The silver-catalyzed epoxidation of ethylene is a reaction of great technological importance and also represents one of the most challenging and thoroughly studied catalytic systems.
It was found that the catalytic activity and selectivity of polycrystalline Ag for the epoxidation and complete oxidation of ethylene can be affected in a pronounced and reversible manner by electrochemically supplying or removing oxygen ions O2- or Na+ to or from the silver catalyst surface in ZrO2 (8 mol%Y2O3) or β″-Al2O3 solid electrolyte cell reactors and in the presence or absence of traces of chlorinated hydrocarbons in the gas phase.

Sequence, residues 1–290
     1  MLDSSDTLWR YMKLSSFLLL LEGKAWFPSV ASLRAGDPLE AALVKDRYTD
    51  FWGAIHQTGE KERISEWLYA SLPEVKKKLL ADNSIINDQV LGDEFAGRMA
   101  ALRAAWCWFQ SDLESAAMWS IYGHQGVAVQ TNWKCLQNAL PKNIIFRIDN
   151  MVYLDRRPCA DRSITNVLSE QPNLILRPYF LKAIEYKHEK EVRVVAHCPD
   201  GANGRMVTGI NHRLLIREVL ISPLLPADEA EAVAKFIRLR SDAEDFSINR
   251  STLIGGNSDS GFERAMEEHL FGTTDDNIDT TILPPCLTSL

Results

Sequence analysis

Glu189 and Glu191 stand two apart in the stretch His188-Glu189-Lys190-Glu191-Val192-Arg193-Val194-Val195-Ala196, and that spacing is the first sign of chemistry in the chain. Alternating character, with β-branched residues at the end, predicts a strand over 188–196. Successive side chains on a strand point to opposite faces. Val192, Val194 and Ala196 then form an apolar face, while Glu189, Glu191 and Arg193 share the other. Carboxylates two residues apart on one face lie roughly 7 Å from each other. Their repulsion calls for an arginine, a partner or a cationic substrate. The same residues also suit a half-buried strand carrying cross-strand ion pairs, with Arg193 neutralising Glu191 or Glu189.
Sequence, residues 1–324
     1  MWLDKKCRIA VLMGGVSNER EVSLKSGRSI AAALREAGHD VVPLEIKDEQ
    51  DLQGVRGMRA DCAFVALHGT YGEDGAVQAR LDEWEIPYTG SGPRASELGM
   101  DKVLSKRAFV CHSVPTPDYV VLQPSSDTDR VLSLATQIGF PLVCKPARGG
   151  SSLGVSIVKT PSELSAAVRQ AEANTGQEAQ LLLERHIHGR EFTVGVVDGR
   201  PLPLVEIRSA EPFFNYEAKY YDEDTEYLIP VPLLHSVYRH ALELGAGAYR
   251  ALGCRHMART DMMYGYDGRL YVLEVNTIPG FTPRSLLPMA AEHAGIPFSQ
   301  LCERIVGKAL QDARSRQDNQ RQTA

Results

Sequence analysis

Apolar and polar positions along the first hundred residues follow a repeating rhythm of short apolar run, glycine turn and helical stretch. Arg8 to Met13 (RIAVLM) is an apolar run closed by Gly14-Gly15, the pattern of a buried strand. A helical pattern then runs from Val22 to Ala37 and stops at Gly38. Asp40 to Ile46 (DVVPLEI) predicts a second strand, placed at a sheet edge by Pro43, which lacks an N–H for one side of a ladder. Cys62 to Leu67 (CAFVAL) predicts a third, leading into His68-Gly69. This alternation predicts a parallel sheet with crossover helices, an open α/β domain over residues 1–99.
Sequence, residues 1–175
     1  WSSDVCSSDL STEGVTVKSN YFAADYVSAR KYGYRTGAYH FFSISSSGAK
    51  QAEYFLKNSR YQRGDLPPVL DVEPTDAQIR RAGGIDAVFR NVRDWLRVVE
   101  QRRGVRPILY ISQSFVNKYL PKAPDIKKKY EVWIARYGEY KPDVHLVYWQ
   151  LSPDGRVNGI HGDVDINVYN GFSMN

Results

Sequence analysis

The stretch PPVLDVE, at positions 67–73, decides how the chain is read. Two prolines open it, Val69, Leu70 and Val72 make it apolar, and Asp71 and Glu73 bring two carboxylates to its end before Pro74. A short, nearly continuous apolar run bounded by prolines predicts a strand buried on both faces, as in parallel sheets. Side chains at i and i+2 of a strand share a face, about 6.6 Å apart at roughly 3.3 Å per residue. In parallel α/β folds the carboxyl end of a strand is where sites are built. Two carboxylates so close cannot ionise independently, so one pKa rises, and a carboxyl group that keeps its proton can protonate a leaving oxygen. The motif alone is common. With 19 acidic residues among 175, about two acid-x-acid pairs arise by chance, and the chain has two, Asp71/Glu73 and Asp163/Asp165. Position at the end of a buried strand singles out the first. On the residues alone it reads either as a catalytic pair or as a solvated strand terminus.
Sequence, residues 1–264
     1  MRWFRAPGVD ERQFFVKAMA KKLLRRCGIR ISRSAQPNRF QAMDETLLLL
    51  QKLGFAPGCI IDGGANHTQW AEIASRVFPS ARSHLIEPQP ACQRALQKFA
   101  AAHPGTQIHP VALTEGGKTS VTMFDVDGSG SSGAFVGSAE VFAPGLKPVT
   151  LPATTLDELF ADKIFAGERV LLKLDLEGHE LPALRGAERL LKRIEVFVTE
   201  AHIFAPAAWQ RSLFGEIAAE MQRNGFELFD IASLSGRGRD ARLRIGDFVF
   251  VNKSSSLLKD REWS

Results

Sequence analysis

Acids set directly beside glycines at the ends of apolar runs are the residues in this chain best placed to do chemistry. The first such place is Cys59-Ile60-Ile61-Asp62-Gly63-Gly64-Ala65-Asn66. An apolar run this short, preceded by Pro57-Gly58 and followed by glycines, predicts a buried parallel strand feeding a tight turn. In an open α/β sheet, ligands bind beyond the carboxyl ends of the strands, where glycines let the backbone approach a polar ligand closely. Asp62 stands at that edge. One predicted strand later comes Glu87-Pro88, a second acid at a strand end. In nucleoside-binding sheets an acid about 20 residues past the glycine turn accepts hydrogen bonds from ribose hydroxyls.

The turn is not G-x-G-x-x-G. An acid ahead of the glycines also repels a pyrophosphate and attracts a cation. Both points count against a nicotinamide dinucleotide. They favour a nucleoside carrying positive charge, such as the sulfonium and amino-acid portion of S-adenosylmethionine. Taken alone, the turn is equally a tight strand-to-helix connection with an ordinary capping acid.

The steady-state changes in catalytic rates of formation of C2H4O and CO2 are typically 10 to 100 times larger than the corresponding rate of ion transport to or from the catalyst surface, i.e., the reaction exhibits the effect of Non-Faradaic Electrochemical Modification of Catalytic Activity (NEMCA) or “Electrochemical Promotion”. The selectivity to C2H4O can be very significantly altered, relative to open circuit conditions.
Under fuel rich conditions, temperatures near 250°C and in the presence of traces of 1,2-C2H4Cl2 in the gas phase selectivity values as high as 88% can be obtained, well above the ones reported in the open literature.
The observed phenomena are discussed and interpreted within the framework of previous NEMCA studies and the currently prevailing ideas regarding the mechanism of ethylene epoxidation.